Off-Duty Conduct and “Moonlighting”
#18 Off-Duty Conduct and “Moonlighting”
Company electrician works three nights a week for an outside contractor; she reports to
work tired, is limited in her ability to work overtime, and makes follow-up phone calls for
her side business while in the primary employer’s office.
Employee Name: Jacqueline Lamour Department: Engineering
Date Presented: May 15, 2010 Supervisor: John Gregory
Disciplinary Level
Verbal Correction—(To memorialize the conversation.)
Written Warning—(State nature of offense, method of correction, and action to
be taken if offense is repeated.)
Investigatory Leave—(Include length of time and nature of review.)
Final Written Warning
Without decision-making leave
With decision-making leave (Attach memo of instructions.)
With unpaid suspension
Subject: Off-duty conduct/“moonlighting” affecting your performance
Policy/Procedure Violation
Performance Transgression
Behavior/Conduct Infraction
Prior Notifications
Level of Discipline Date Subject
Verbal ___________ __________________________________________
Written ___________ __________________________________________
Final Written ___________ __________________________________________
Policy and Procedure Violations
Incident Description and Supporting Details: Include the following information: Time,
Place, Date of Occurrence, and Persons Present as well as Organizational Impact.
It has recently come to my attention that you are working three nights a week for our
contracting service, Vanguard Electrical. Specifically, you work Monday, Tuesday, and
Thursday nights from 6:00
P.M. to 12:30 A.M. As a result, you have appeared at work tired and
unfocused on the days following your late-night side job. In addition, you have been unable to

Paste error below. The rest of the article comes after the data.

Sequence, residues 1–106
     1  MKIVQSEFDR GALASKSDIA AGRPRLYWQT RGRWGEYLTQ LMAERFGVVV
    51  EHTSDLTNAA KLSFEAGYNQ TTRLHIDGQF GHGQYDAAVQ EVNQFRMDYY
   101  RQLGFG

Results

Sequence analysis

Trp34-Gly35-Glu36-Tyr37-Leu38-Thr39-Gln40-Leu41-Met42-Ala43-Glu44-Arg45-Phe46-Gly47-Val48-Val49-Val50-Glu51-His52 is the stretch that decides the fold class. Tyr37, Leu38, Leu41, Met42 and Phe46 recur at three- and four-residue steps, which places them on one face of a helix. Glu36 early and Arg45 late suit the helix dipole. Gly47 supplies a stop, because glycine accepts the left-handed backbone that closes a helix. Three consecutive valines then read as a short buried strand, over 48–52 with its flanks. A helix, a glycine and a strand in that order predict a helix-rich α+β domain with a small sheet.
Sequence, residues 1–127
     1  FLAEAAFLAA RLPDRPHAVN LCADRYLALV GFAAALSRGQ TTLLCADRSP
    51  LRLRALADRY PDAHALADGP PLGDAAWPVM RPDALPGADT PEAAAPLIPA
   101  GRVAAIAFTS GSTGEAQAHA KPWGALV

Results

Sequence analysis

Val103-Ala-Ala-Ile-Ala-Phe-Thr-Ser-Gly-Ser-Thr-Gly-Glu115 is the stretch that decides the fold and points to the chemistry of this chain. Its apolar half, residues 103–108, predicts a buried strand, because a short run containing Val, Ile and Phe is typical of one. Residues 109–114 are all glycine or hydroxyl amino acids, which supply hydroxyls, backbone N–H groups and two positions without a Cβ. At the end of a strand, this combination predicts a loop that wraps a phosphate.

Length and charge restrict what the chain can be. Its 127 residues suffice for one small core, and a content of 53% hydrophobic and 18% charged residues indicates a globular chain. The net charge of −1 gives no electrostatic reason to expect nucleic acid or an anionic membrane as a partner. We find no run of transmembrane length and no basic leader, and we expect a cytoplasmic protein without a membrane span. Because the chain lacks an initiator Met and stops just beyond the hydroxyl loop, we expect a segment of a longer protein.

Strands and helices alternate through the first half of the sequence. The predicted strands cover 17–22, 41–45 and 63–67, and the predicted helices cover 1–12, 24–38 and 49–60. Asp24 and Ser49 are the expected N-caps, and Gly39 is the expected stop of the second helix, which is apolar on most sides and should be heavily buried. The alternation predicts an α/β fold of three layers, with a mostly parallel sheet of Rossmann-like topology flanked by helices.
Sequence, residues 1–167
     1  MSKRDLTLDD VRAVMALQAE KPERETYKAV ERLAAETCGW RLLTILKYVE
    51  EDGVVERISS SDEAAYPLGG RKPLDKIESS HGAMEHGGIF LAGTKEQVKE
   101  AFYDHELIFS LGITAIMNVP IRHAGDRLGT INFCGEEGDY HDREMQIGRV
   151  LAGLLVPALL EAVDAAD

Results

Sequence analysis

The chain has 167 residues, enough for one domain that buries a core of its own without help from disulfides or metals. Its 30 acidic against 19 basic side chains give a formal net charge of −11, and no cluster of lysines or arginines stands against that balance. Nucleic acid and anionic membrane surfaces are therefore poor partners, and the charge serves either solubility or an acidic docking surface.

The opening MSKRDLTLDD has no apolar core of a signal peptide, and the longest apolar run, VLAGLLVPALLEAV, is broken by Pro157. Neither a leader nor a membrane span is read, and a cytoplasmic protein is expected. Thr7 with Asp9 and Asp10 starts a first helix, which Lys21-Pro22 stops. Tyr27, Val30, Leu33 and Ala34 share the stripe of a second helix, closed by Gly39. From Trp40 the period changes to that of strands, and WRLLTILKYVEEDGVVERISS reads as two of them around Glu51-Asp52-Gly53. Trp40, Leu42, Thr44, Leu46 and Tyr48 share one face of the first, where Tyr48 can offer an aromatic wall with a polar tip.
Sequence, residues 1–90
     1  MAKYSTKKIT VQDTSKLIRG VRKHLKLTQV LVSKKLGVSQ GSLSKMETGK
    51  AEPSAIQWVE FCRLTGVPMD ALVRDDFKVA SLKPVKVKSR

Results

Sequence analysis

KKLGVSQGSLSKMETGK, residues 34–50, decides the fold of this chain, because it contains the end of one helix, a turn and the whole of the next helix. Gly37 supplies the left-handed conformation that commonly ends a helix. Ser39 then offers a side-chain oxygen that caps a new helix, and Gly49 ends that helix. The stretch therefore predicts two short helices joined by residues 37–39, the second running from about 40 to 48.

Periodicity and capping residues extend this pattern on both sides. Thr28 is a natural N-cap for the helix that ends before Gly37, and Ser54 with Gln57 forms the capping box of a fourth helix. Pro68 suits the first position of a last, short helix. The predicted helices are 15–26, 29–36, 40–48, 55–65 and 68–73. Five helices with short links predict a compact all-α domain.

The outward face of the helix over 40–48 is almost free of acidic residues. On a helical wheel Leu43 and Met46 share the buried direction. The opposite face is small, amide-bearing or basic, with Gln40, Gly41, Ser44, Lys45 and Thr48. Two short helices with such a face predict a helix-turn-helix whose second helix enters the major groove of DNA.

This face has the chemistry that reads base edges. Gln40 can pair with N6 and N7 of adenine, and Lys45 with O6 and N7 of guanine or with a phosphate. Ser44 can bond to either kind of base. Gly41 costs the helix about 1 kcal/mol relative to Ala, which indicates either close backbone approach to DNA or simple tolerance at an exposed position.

perform overtime when I have asked you to volunteer over the past month. Although I have
not made overtime mandatory to this point, it will be mandatory for the next month as we
prepare for our upcoming summer company reunion. Finally, I audited your telephone bills
for the past two months and found that a significant number of calls—up to thirty per
month—were placed to Vanguard Electrical or to customers of Vanguard Electrical.
Our company’s policy on outside employment is stated this way in the employee handbook:
While employed at our firm, employees are expected to devote their energies to their jobs.
For this reason, second jobs are strongly discouraged. Strictly prohibited is outside employ-
ment that:
• Conflicts with an employee’s work schedule, duties, and responsibilities
• Impairs or has a detrimental effect on the employee’s work performance
• Requires the employee to conduct outside work or related activities on company
property during the employer’s working hours or using the employer’s facilities and/or
Because your outside position has transgressed this policy, you have violated company stan-
dards of performance and conduct.
Performance Improvement Plan
1. Measurable/Tangible Improvement Goals: Jacqueline, while our company doesn’t
seek to interfere with the off-duty and personal conduct of its employees, your current
activities are interfering with our organization’s legitimate business interests. Although I
will not mandate that you give up your nighttime position, I expect you to report to work
in the proper physical and mental condition. I expect you to be available for overtime at
all times, whether planned in advance or scheduled the same day. And I expect you never
again to conduct outside business on company time, on company premises, or using
company equipment like telephones, faxes, or computers.
2. Training or Special Direction to Be Provided: I am attaching a copy of our “Off-
Duty Conduct” policy with this memo. I expect you to abide by its rules at all times.
Please pay special attention to the sections on “Prohibited Employment” and “Remedial
Action.” See me if you have any questions regarding the policy.
3. Interim Performance Evaluation Necessary? No
4. Our Employee Assistance Program (EAP) Provider, Prime Behavioral Health Group,
can be confidentially reached to assist you at (800) 555-5555. This is strictly voluntary.
A booklet regarding the EAP’s services is available from Human Resources.

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